The Galapagos Islands – sound exotic, right?! I remember learning about Charles Darwin’s theories back in grade school and hearing of the Galapagos Islands for the first time. A cluster of islands in the middle of nowhere; somewhere people surely didn’t visit (or so I thought). We laughed about a bird named the blue footed booby, which would’ve been even funnier had we known the males attract females by dancing with their sexy blue feet.
Fast forward to 2009, when we were planning a trip for 2010 and my boss at the time had just returned from the Galapagos Islands. Her stories and photos easily sold me (if you are reading this April, thanks!). In fact, I could hardly believe some of her tales and HAD to find out for myself.
The Galapagos Islands are a cluster of 13 larger and seven smaller islands that are part of Ecuador, but lie nearly 1000 kilometres West of the mainland, straddling the equator. Only four of the islands are inhabited – Santa Cruz, Isabela, San Cristobal, and Floreana. Four of the six islands we visited had no one there but our group of 16 plus guides. It’s friggin’ hot and humid – some days we hiked in 37 degree celsius heat with full humidity. Nick was in a full sweat after 10 minutes at the hotel pool.
How do I explain this place in words? Well, first I’d say if I had to choose the most memorable place I’ve ever been, the Galapagos Islands would be it. It’s also in my Top 10 Exhilarating Travel Experiences.
Quick overview of our time in the Galapagos Islands/itinerary
The Galapagos Islands were the highlight of our 2010 trip to South America (the remainder of the trip was in Quito, Ecuador and Rio de Janeiro, Brazil). We spent three days on Santa Cruz Island, then boarded a G Adventures boat (the G1 or “Pelikano”) with 14 other passengers for five days of sailing to five additional islands – Floreana, Espanola, North Seymour, South Plaza and Santa Fe.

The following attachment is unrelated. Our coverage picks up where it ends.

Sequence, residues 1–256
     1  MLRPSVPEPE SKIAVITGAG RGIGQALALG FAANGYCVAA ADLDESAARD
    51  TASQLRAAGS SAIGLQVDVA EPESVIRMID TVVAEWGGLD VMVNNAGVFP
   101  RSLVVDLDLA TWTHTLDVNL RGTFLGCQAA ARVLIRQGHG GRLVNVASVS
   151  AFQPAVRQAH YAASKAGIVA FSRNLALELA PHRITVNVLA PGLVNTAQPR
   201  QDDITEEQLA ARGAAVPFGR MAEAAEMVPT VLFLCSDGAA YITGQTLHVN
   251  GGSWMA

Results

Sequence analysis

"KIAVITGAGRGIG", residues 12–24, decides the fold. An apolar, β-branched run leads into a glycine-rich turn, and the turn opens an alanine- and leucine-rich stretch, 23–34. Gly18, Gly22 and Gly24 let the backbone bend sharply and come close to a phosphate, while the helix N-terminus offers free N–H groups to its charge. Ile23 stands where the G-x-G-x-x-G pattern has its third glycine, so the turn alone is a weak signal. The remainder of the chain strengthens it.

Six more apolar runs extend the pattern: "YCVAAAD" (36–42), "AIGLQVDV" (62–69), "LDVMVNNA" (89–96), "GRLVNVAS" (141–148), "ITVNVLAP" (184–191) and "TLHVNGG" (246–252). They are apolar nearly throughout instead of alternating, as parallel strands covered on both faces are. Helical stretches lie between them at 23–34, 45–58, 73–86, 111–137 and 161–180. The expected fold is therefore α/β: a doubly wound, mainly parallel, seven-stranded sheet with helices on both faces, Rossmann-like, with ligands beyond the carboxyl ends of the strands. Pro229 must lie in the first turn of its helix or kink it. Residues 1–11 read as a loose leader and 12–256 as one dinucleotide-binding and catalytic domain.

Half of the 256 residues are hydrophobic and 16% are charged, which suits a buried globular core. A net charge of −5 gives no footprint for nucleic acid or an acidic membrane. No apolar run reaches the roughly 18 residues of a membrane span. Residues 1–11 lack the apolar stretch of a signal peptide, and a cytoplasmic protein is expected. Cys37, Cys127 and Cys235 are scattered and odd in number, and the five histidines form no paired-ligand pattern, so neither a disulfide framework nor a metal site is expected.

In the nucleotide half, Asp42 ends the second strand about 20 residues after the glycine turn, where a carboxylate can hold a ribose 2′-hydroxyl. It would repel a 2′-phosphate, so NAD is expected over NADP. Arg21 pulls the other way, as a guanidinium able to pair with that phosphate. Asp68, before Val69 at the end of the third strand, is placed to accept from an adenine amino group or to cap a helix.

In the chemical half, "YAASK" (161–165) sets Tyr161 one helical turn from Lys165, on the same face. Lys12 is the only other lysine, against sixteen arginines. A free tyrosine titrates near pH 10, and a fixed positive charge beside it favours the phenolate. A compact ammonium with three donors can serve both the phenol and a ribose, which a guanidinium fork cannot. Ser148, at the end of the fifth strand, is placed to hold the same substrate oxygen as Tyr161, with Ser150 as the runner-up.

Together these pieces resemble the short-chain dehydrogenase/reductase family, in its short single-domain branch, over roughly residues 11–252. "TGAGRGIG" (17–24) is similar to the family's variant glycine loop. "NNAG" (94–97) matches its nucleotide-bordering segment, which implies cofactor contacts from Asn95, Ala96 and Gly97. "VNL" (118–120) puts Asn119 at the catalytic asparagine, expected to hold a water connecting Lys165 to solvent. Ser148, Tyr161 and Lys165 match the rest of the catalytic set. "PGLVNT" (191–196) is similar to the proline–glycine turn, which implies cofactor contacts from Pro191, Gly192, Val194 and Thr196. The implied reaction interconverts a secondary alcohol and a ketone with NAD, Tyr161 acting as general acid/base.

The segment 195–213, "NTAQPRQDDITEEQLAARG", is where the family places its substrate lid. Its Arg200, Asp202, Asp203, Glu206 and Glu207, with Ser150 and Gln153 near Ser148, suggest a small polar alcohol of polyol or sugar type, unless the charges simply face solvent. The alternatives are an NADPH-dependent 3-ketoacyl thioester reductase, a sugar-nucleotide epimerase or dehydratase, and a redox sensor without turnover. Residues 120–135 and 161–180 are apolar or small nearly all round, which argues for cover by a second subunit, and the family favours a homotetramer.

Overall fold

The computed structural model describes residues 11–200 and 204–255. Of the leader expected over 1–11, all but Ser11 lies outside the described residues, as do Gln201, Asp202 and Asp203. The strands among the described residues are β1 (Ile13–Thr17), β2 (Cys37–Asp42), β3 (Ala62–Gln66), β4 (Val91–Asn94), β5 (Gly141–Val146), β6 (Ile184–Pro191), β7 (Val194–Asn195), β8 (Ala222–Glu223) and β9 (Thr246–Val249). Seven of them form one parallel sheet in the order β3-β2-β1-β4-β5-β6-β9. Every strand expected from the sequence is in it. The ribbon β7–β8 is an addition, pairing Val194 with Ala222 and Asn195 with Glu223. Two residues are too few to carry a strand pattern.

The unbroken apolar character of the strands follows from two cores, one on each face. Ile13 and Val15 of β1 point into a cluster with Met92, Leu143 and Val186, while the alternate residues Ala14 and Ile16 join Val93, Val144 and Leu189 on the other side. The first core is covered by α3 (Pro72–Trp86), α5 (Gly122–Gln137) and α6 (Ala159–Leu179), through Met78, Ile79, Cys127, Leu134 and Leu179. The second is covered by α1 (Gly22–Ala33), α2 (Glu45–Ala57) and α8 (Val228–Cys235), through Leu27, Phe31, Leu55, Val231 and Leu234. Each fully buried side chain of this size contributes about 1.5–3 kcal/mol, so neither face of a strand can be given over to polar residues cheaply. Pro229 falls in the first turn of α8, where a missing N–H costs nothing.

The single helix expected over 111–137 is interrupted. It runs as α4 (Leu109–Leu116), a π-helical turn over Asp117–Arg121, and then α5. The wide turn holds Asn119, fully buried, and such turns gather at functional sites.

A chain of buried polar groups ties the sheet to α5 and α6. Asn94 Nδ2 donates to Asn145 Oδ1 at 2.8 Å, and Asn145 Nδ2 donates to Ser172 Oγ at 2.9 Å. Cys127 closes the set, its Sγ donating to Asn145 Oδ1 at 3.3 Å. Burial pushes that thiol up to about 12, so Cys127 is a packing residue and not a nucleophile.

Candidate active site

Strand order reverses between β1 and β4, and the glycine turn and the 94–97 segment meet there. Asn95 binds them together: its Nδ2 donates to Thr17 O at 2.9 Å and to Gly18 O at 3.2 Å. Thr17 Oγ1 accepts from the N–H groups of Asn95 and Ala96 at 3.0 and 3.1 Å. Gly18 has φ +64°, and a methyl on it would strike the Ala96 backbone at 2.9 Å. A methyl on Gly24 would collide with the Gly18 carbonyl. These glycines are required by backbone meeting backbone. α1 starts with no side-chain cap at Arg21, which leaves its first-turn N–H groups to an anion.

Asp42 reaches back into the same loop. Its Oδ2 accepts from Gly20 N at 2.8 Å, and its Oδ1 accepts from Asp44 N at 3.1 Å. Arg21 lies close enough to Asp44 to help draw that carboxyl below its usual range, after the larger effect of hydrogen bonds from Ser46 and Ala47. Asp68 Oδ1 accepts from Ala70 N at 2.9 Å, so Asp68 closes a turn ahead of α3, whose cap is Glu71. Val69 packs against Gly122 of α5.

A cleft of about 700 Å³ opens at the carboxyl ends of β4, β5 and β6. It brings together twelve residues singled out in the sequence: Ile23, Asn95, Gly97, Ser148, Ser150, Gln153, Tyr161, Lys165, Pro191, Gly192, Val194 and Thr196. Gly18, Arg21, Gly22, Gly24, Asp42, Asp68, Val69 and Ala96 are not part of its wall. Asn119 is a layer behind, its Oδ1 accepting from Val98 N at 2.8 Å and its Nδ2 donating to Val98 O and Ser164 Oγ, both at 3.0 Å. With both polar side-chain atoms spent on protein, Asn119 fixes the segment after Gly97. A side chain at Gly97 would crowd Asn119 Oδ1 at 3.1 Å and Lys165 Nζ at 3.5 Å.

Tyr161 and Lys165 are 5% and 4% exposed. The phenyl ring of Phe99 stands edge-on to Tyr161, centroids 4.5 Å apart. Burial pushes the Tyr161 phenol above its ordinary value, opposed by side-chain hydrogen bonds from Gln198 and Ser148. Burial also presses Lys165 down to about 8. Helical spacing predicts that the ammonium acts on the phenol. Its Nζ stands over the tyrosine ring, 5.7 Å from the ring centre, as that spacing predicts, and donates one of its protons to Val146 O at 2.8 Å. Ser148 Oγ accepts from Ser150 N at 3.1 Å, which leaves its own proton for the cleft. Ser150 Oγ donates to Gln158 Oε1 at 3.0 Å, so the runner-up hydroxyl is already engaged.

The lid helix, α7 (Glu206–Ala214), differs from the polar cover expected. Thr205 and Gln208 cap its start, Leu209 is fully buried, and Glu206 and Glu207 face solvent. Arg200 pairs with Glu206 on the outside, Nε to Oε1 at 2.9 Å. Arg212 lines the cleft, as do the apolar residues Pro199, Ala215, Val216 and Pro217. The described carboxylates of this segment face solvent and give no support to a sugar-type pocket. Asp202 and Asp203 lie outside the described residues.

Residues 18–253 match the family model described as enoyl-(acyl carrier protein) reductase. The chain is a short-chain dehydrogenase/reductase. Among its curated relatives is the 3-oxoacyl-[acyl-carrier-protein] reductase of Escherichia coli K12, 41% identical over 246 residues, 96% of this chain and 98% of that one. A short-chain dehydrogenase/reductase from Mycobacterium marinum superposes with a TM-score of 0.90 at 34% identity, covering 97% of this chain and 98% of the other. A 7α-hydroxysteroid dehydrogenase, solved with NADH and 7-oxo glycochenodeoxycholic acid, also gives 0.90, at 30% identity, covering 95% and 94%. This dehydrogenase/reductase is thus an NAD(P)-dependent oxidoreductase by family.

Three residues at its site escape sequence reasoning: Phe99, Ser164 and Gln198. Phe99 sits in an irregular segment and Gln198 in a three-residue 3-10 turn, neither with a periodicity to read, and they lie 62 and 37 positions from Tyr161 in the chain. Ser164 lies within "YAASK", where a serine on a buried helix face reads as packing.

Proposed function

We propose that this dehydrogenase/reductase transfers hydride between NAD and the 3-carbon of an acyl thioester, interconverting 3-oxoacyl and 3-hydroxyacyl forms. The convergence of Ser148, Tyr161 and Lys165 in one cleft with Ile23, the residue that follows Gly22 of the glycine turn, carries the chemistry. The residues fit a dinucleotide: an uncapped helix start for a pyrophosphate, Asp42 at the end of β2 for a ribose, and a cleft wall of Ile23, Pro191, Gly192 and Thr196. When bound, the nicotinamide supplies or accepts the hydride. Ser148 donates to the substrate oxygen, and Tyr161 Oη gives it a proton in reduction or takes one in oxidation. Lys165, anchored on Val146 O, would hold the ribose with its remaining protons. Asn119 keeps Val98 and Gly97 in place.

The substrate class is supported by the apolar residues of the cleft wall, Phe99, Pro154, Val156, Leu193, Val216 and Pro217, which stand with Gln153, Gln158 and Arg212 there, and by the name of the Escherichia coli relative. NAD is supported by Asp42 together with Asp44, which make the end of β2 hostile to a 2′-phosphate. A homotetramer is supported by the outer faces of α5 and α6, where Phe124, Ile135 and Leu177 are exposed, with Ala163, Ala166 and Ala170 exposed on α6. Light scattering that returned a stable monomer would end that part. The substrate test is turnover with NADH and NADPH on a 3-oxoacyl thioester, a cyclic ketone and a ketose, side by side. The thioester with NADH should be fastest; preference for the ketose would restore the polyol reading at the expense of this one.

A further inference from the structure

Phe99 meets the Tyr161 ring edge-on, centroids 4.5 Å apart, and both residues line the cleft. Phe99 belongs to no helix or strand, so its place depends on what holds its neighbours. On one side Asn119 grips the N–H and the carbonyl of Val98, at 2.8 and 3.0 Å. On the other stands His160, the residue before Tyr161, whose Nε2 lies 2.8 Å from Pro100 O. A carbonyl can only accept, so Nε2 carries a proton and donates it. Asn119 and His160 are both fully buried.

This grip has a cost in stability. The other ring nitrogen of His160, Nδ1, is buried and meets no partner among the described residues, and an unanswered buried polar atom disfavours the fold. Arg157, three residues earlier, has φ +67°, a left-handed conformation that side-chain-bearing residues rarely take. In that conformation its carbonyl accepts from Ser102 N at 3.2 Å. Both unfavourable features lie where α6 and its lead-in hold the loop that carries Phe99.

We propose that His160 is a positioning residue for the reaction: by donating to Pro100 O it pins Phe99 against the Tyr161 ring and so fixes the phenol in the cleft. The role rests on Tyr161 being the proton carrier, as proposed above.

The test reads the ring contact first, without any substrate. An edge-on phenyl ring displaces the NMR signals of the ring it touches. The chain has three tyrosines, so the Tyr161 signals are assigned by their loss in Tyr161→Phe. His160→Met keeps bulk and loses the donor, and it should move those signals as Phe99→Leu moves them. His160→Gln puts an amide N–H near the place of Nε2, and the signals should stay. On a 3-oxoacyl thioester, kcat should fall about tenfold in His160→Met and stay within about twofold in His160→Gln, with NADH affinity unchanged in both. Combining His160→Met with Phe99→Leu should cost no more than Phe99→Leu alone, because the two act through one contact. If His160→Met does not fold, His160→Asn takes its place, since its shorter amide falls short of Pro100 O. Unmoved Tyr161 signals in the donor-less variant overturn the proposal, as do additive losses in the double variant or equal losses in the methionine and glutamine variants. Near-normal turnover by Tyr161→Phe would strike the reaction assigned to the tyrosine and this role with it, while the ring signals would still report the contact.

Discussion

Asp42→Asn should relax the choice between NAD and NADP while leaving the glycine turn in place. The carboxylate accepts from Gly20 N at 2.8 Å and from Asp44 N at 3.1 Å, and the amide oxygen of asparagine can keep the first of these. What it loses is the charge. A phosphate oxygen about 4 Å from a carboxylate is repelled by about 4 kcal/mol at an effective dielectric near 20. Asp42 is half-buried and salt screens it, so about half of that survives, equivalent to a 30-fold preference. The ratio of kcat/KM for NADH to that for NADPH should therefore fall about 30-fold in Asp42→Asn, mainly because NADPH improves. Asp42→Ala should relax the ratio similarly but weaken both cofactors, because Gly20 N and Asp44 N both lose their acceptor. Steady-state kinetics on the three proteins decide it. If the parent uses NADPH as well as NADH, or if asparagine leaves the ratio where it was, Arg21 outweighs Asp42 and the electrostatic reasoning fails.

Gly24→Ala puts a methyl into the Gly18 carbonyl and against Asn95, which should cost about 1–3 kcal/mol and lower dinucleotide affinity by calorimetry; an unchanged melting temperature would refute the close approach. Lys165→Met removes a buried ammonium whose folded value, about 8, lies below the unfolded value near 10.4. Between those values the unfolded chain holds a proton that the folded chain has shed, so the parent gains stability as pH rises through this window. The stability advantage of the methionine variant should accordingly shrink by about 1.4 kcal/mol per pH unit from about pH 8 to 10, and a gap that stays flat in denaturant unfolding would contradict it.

This wasn’t a “rest and relax” holiday. It was an adventure trip where each day we were awoken at 6:30 a.m. to explore one or two different islands. This involved fascinating and educational hikes, snorkelling once or twice a day for up to an hour or more, having dinner and chatting with people from all over the world on our boat, and not daring to have more than two drinks for fear of a seasickness hangover (we had learned our lesson, see #8).
But you can make the Galapagos whatever you want it to be.
I had a slight idea what it would be like, but it continually surprised me. Why? Read on to find out. NOTE: All photos in this post are our original photos.
Surprise #1: We knew there’d be wildlife, but not THAT much
When we checked into our hotel in Puerto Ayora on Santa Cruz Island upon arrival – Hotel Solymar – we went out to the back patio to see sea lions lounging in the shade beside the tables, a curious iguana roaming, a pelican perched near the bar and a crew of Sally Lightfoot crabs on the rocks. It didn’t take long for a sea lion to pop up out of the ocean and swiftly dive into the hotel pool, swim the length of it, jump out and plop back into the ocean. WHERE THE HELL WERE WE?!
First off, there are sea lions everywhere. Aside from in the hotel pool, they were all over the beaches. Trying to get on our boat. Right beside you while you’re snorkelling. Especially abundant at the fish market. There was even one lying on the floor of an indoor restaurant we went to!
There are also iguanas a plenty, often snuggling in clusters. On the beach. At the hotel. On the hiking trail. Fighting in front of you and eating each others’ eggs. The coolest thing about the iguanas is that there are so many different colours, shapes and sizes of them. It’s Darwinism right before your eyes.
Then there are the giant tortoises. We hired a local guy who knew zero English to take us to see them in the wild, and tried our best with a few words of Espagnol (“Cuanto anos tortugas?” as he’s shaking his head). We saw five or six giant old tortoises though so mission accomplished.